is current home loan still the best option for you? with mr finance loans

Has the official cash rate changed since your current loan settled? Has the rate your lender is charging you changed? Chances are the market has also changed with new products constantly being introduced. Let’s not forget that things have probably changed in your life too.


Since you took out the mortgage your income or expenses may have changed and even your financial goals could be different – from a change in your relationship status, to plans to start a family or the addition of other loans or credit cards. It’s also very important to know how the value of your property has changed since you took out your current loan. Despite most loans being around 30 years in length, you may be surprised to hear that Australians often refinance their home loan every 4-5 years in order to change with the times.

Refinancing is a chance to look at what else is out there and check if your current loan is still the right fit for you. If you are considering a switch, this blog contains some of the key things you may want to consider.

Lower Rates and Fees

First of all, the obvious question to ask is could you be paying less? A loan with a lower interest rate or less fees can be the simplest way to reduce your repayments, meaning you can unlock more spending money or pay the loan back sooner.

Additional Features

It’s not all about interest rates – sometimes the loans with the lowest rates also sacrifice features that are not only handy, but also save you money in the long run. For example:

  • An offset account
    A separate account that lets you use the balance to offset the principal on which your interest is calculated -simply having your pay deposited into this account can reduce the time of your loan.
  • Flexible payments
    Additional payments to the loan when you have the spare funds – a great way to shorten your loan and save more in the long term.
  • Ability to redraw
    Allows you to easily access any extra funds you’ve deposited into your loan.
  • Flexible rates
    Depending on what you think rates are going to do (go up, down, or stay the same), this option lets you choose the type of loan that could save you money when they go down, or protect you if they rise.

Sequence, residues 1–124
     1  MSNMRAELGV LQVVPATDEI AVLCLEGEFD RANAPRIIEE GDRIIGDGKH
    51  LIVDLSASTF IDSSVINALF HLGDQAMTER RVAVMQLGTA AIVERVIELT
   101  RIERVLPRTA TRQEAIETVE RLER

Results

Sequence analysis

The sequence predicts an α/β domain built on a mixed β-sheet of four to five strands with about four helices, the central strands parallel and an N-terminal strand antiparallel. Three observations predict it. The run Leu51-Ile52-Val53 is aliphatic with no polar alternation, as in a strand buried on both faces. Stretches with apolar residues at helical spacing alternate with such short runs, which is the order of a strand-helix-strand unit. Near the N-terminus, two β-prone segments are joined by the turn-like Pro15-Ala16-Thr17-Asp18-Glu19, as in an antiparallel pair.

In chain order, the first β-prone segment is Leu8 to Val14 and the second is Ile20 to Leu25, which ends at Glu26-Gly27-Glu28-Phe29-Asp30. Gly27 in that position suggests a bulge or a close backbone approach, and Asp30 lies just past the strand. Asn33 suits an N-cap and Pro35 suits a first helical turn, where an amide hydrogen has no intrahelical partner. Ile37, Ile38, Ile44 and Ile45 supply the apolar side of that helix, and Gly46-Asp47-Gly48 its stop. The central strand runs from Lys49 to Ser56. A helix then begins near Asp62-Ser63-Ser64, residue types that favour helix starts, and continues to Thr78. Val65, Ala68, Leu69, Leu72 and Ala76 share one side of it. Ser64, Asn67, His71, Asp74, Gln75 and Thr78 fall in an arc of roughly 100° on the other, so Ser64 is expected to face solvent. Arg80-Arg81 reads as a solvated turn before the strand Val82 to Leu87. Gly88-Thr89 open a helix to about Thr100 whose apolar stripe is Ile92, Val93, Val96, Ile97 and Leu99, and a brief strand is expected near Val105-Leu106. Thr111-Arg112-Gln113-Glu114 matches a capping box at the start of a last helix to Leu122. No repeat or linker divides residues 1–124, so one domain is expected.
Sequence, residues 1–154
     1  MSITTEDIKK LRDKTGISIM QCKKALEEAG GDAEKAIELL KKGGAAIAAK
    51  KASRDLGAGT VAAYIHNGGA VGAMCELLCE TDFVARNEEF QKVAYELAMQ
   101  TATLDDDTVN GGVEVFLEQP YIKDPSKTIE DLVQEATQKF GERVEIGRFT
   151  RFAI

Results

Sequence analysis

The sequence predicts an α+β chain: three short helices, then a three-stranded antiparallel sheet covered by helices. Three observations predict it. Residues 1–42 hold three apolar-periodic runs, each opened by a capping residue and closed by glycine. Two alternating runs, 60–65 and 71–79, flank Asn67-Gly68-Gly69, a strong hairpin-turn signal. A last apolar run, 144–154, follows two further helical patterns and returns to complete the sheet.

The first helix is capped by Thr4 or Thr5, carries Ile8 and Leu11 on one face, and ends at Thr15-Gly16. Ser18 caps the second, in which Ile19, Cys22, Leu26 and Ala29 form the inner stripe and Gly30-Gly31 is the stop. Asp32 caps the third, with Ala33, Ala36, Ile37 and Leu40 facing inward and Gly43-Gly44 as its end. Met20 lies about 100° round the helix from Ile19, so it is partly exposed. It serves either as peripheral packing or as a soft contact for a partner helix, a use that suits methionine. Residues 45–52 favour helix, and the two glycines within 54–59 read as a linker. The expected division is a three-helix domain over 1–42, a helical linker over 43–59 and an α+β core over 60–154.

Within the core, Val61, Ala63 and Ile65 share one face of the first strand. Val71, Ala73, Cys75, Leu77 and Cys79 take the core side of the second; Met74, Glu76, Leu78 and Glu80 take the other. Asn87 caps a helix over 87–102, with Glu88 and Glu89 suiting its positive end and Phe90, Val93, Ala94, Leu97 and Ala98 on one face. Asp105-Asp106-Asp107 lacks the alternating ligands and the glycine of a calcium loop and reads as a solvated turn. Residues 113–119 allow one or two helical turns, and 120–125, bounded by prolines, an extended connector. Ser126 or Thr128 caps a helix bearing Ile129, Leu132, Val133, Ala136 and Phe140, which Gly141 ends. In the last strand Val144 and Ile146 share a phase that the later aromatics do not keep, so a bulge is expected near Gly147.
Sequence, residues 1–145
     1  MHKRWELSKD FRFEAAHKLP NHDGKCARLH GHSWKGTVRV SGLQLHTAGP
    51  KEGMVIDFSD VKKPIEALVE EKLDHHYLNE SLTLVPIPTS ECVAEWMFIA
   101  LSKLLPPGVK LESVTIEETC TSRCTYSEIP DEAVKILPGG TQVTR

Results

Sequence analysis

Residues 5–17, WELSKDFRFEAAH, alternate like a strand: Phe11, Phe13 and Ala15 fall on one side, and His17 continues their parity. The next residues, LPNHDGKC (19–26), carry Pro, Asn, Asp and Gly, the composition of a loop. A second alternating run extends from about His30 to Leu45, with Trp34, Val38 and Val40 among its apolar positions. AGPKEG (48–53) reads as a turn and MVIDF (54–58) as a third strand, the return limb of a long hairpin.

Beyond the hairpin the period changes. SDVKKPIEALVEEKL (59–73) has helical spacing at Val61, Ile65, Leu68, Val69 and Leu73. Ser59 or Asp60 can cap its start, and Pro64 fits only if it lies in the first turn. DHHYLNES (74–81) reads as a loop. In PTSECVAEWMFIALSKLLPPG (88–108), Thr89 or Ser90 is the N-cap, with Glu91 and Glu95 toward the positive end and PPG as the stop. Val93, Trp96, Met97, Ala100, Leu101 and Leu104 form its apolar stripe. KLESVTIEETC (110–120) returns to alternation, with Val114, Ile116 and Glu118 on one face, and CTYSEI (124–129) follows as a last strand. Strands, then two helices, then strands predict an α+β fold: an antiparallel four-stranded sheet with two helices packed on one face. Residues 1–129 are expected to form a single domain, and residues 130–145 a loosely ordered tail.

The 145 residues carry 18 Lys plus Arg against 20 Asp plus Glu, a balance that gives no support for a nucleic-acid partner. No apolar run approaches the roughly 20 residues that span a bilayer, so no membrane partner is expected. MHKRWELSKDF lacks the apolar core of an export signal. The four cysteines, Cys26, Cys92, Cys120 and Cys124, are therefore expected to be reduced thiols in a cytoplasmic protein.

Refinancing to renovate

One of the most common reasons to refinance is to renovate. If you’ve owned your home for a while and its value has increased, you may be able to use this equity to fund some improvements. An added bonus is that when you renovate well, you potentially add even more value to your property. When the extra funds for the renovation are put into an offset account you may be able to avoid paying interest on the renovation funds until you start using them. Your other option is to consider a line of credit loan which is essentially like a credit card with a bigger limit and often much smaller interest rate. These funds are available to draw down on as you undertake your renovations, and you only pay interest on the amount you use.

The costs of refinancing

The best way to understand the costs involved in ending one loan and moving to another is to speak to your broker. Before you choose to do so, Troy from Mr Finance Loans has outlined some of the fees and costs that you may be charged:

  • Lender’s Mortgage Insurance
    If your new loan is worth more than 80% of your home’s value, a lender will ask you to pay this to protect them from defaults.
  • Discharge fee
    A lender may charge you a termination fee.
  • Break cost
    If you have a fixed rate loan you could be charged a break cost.
  • Application fee
    This is often charged on settlement of the loan.
  • Valuation fee
    A lender can charge this fee in order to have your property independently valued.
  • Early exit fees
    May be payable if you’ve had your loan for less than a specified period (e.g. five years).
  • Settlement fee|
    A fee charged once the loan is settled.
  • Registration fee
    Charged when you switch your mortgage to a new lender. This amount varies from state to state.

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